Micron Delivers “1α,” the World’s Most Advanced DRAM Process Technology

Image: Crucial

Memory and storage solutions giant Micron announced today that it has successfully delivered the industry’s first 1α (1-alpha) DRAM technology, a new, cutting-edge process that is said to deliver major improvements in bit density, power, and performance. According to a press release shared by the company, the advanced node has enabled the development of the industry’s lowest-power mobile DRAM, offering an impressive 15 percent improvement in power savings. Volume production of 1α-based DDR4 memory for compute customers and Crucial consumer PC DRAM products has already begun.

“This 1α node achievement confirms Micron’s excellence in DRAM and is a direct result of Micron’s relentless commitment to cutting-edge design and technology,” said Scott DeBoer, executive vice president of technology and products at Micron. “With a 40% improvement in memory density over our previous 1z DRAM node, this advancement will create a solid foundation for future product and memory innovation.”

“Our new 1α DRAM technology will enable the industry’s lowest-power mobile DRAM as well as bring the benefits of our DRAM portfolio to data center, client, consumer, industrial and automotive customers,” said Sumit Sadana, executive vice president and chief business officer at Micron. “With our industry leadership in both DRAM and NAND technology, Micron is in an excellent position to leverage the growth in memory and storage, which are expected to be the fastest growing segments in the semiconductor industry over the next decade.”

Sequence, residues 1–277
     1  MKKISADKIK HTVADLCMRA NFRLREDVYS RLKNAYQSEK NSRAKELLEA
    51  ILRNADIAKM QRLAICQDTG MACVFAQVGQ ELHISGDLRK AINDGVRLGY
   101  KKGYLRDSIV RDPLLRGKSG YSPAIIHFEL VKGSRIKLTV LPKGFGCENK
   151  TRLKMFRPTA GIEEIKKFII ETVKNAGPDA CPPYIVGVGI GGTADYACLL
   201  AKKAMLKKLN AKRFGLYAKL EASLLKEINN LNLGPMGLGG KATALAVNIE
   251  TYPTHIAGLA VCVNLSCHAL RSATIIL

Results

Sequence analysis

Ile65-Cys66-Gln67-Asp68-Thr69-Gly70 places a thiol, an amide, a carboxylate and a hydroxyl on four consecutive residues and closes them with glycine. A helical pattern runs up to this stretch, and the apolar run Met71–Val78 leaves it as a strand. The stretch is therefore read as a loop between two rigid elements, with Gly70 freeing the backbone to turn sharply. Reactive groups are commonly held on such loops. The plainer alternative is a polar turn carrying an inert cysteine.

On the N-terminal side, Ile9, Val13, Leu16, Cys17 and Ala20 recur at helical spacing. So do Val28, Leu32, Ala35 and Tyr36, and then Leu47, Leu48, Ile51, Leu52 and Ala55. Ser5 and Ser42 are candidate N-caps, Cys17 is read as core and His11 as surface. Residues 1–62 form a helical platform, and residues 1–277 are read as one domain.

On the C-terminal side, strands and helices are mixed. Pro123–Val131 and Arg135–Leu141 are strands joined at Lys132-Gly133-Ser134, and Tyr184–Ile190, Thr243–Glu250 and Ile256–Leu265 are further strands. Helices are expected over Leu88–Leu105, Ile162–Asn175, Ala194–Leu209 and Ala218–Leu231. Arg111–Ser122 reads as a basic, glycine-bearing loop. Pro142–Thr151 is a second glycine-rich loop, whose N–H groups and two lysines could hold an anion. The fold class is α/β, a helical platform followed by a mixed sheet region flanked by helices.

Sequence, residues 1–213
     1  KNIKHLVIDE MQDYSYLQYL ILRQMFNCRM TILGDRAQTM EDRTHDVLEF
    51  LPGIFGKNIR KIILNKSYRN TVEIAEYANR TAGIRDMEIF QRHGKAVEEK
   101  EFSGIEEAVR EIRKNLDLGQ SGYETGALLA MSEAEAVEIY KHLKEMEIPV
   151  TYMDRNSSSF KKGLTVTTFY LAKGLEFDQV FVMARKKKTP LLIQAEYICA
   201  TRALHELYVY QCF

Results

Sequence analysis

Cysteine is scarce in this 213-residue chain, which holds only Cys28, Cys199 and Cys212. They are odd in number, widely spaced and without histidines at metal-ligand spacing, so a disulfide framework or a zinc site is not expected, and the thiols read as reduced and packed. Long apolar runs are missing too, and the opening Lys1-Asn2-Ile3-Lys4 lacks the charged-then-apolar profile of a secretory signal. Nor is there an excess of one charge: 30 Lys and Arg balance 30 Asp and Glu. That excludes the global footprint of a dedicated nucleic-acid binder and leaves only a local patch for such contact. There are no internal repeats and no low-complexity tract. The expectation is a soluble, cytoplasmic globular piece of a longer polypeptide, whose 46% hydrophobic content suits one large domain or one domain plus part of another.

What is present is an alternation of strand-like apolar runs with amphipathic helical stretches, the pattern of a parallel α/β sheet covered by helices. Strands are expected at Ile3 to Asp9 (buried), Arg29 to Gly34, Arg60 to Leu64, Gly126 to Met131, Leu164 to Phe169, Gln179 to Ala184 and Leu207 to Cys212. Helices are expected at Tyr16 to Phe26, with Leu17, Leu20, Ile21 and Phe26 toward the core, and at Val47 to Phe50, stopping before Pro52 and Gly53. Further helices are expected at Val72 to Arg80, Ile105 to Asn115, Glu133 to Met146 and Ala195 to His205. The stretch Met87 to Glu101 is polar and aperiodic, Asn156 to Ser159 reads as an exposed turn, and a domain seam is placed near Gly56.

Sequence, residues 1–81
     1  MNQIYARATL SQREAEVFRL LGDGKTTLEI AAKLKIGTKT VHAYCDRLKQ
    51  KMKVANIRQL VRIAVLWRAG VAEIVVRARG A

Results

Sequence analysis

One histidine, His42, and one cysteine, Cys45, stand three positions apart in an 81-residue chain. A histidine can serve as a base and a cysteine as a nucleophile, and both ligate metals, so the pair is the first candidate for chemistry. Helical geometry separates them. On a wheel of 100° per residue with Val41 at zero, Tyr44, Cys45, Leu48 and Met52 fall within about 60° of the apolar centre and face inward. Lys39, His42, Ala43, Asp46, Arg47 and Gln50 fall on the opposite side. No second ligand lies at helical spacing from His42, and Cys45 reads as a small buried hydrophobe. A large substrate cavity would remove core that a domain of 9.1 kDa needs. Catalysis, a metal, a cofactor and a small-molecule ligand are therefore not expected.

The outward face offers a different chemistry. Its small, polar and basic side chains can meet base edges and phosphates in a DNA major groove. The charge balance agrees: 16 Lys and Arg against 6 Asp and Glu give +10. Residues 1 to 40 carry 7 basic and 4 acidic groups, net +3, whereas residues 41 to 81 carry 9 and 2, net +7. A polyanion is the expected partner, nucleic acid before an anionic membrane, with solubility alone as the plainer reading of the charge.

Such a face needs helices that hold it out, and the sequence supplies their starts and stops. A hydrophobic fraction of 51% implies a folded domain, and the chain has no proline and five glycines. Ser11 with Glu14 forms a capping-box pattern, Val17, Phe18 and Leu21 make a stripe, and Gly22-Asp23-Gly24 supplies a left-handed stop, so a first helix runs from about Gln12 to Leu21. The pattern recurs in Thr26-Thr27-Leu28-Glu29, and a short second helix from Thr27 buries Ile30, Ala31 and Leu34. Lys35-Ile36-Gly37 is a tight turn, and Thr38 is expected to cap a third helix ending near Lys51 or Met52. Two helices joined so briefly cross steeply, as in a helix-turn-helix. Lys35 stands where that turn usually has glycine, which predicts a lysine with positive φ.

Micron also shared a video with vice president of DRAM Process Integration, Thy Tran, who provides additional insight into the company’s new advanced DRAM process technology and how her team managed to bring it to high-volume manufacturing in record time.

“If you’ve ever wondered just how small cutting-edge memory cells are and how they’re made, I suggest you watch,” the author wrote. “Spoiler alert: It’s very, very complicated and boggles my mind that humans can build anything so intricate, not just once, but more than a trillion times on every wafer!”

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